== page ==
Abstract: Interpersonal conflict is inevitable in the adolescent socialization process; wise reasoning is applicable to and effective for interpersonal conflict problem solving. However, the role of emotions in wise reasoning remains unclear and less explored in empirical research. According, this study explored the relationship between awe and wise reasoning, and proposed the influence pathways from the self-transcendence of awe to examine the facilitative effect of decentralized emotions on wise reasoning. Method: A total of 812 tenth and eleventh graders (age range 15–19 years, M = 16.07, SD = 0.76, 54.6% male) from a high school in Zhejiang, China completed self-report questionnaires that measured awe, small-self, need for relatedness, and wise reasoning via an online survey.
Structural equation models demonstrated that adolescents’ trait awe positively predicted their wisdom in conflict situations—wise reasoning directly and indirectly through the parallel mediating role of small-self and need for relatedness.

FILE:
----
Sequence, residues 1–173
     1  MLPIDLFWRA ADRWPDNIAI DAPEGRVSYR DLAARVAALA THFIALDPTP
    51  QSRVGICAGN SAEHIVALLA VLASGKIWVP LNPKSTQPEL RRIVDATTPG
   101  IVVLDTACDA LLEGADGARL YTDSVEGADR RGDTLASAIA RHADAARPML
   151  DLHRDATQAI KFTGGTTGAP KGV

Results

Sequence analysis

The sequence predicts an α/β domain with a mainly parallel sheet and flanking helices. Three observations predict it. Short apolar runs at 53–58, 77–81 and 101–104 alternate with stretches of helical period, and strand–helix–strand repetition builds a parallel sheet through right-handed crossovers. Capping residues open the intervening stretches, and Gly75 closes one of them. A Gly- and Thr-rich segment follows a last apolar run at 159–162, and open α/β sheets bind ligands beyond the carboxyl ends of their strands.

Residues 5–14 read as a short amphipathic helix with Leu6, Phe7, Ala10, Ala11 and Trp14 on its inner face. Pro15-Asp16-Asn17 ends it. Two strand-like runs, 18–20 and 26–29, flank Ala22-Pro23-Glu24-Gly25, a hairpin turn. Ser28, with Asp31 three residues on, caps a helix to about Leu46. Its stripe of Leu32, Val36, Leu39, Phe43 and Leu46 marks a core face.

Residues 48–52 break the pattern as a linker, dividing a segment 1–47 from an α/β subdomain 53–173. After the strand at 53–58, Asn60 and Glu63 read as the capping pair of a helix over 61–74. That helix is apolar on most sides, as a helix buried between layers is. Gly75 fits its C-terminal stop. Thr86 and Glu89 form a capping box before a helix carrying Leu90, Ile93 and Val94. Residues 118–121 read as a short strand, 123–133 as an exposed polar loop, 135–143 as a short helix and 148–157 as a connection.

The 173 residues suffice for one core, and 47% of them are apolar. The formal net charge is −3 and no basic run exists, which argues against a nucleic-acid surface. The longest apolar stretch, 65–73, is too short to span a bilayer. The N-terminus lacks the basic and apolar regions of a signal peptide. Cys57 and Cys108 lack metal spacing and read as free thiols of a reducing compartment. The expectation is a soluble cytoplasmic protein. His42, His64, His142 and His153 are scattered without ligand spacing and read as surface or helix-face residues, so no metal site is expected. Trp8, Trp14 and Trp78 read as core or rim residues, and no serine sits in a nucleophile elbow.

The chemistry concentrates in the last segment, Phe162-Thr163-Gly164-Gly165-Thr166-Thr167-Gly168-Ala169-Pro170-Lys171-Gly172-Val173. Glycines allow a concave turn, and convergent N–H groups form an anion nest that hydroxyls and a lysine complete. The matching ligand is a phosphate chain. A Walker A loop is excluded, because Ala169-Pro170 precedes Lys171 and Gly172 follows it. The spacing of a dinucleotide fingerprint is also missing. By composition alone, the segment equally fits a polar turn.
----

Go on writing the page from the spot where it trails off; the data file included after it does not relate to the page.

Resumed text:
This finding validates the facilitative effect of decentralized emotions on wise reasoning and the internal and external influence pathways. The study laid the foundation for future exploration of the role of emotion types on wise reasoning and provided practical guidance for the solution of interpersonal conflict in social interactions among adolescents.